Get Excited For A Fast, Free, and Surprisingly Effective Antidote to Pre-Performance Anxiety

Get Excited For A Fast, Free, and Surprisingly Effective Antidote to Pre-Performance Anxiety

Our bodies are talking to us all of the time. Often it is in a gentle voice, one polite enough not to demand immediate attention or distract our busy prefrontal cortex from going about its day looking at our experiences through the lenses of logic, reasoning, empathy and all of the other skills that make us uniquely human.

Then there is the overpowering, dominating and relentless voice of anxiety.

This piercing voice quickly overtakes those higher, more developed parts of our brain and unapologetically steals all of our cognitive resources. Anxiety occurs when our body senses that we may be in danger, and it is the voice that tells us subconsciously to prepare to run, fight or freeze. Our body tells us this through a diverse set of physiological changes including increased heart rate, rapid or irregular breathing, trembling, sweating and that nagging feeling of butterflies in your stomach.

If you are a performer like me, you are probably intimately familiar with those symptoms and that voice. In fact, you might just call those bodily sensations and spiraling thought patterns that accompany them “pre show jitters”. In the research world, we call this well worn phenomenon pre-performance anxiety.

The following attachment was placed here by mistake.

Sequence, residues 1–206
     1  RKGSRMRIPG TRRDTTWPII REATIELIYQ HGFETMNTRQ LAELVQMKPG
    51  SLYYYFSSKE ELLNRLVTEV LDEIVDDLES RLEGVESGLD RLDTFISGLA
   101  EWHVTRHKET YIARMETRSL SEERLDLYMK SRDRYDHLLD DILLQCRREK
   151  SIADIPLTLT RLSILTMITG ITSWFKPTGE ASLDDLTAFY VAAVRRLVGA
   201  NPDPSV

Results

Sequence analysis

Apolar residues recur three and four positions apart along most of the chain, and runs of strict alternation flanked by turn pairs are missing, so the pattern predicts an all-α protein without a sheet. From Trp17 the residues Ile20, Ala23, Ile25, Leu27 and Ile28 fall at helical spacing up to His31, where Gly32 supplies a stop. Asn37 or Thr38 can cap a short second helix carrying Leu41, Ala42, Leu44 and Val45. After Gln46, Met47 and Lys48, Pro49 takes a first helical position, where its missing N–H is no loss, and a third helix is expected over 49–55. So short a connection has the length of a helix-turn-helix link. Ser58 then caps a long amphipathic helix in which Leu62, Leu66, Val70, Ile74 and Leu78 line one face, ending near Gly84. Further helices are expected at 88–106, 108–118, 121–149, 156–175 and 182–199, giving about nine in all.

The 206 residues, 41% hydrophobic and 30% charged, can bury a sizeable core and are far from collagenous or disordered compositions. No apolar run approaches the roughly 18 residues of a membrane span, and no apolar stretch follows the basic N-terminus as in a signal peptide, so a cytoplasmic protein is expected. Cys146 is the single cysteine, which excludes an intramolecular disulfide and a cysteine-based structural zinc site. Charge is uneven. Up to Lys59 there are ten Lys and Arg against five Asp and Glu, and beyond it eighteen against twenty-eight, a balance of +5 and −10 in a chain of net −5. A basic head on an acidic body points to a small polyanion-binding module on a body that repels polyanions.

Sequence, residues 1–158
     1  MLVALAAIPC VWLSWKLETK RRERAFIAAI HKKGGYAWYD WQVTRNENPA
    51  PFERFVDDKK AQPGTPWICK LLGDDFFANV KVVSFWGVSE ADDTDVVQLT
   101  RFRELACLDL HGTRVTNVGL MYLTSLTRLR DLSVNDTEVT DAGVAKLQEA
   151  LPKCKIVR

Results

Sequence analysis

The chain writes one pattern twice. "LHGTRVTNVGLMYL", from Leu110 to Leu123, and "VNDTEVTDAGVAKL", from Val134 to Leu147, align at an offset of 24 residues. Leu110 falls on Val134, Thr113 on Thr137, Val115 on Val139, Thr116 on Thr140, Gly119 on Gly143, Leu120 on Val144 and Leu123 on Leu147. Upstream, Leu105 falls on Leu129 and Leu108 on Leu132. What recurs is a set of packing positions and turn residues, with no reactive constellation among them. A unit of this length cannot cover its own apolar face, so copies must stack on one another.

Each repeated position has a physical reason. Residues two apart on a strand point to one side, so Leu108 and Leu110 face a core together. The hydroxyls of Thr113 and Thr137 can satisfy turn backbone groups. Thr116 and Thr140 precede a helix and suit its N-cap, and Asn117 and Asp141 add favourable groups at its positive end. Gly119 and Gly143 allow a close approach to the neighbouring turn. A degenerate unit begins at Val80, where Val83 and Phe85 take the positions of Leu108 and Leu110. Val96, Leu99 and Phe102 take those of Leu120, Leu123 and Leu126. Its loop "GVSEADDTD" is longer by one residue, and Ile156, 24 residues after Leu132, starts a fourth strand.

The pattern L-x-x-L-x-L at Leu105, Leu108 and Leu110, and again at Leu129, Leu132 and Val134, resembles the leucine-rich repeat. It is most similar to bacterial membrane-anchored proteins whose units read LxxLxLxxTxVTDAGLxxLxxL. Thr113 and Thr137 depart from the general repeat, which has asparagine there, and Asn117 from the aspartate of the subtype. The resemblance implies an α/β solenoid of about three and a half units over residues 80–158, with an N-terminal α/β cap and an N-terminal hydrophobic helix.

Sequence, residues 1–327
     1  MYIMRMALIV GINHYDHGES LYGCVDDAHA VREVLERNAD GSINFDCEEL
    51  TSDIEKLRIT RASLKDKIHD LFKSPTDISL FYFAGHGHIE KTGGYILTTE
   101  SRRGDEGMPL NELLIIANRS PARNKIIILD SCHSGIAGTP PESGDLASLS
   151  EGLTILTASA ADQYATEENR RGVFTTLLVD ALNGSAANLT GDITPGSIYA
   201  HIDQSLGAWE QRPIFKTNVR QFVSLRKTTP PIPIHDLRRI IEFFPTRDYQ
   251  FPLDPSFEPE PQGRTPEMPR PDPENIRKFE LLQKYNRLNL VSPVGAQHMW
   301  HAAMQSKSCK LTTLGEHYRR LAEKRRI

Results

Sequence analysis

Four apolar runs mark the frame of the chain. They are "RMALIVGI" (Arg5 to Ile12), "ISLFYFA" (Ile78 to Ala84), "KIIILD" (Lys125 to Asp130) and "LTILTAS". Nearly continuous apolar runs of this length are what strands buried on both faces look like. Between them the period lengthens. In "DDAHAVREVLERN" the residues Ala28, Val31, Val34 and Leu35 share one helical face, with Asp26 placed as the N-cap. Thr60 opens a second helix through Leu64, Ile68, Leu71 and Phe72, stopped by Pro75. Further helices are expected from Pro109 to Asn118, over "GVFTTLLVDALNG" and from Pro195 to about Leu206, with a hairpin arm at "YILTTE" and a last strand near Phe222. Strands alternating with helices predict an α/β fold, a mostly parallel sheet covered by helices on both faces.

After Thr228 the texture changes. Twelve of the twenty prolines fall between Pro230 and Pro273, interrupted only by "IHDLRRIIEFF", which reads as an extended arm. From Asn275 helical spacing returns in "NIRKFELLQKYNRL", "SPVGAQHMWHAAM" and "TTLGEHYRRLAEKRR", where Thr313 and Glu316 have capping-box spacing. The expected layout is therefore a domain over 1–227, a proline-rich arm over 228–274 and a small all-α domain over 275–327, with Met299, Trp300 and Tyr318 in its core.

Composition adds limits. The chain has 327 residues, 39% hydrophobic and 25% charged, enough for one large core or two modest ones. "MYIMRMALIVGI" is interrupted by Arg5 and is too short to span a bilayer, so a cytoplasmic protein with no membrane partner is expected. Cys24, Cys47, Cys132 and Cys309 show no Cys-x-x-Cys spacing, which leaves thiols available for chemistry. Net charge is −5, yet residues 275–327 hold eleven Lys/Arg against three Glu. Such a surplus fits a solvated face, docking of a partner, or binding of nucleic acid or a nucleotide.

You might dream of one day having the power to banish this obnoxious voice forever, but surprisingly when it comes to peak performance, that may not serve you as well as you think. Although it is true that experiencing feelings of anxiety before or during a task lessens working memory capacity, decreases self confidence and harms performance, there is another more hopeful side to this state. What elite performers know to do (consciously and sometimes unconsciously) is to harness this message from their body and use it to their advantage. One way to achieve this is through a remarkably simple and well researched process we can refer to as
anxiety reappraisal.

Reappraising negative emotions (as opposed to suppressing) them is supported by a substantial set of literature and experts on the topic. But reappraisal can go in a lot of different directions, and according to studies conducted by Alison Wood Brooks of Harvard Business School, most people’s go-to instruction for the way to remedy anxiety is much more difficult than it needs to be! When asked about the best advice they would give someone who is struggling with pre-performance anxiety, over 90% of people chose the advice, ‘try to relax and calm down’.

Reappraising anxiety as calmness may seem like sound advice, but it is actually a lot of effort. The better option is to reappraise anxiety as excitement. For our purposes, when anxiety arises pre-performance, we would tell ourselves that we are excited for the experience instead of anxious or nervous about the experience. This cognitive strategy is incredibly effective for a few reasons: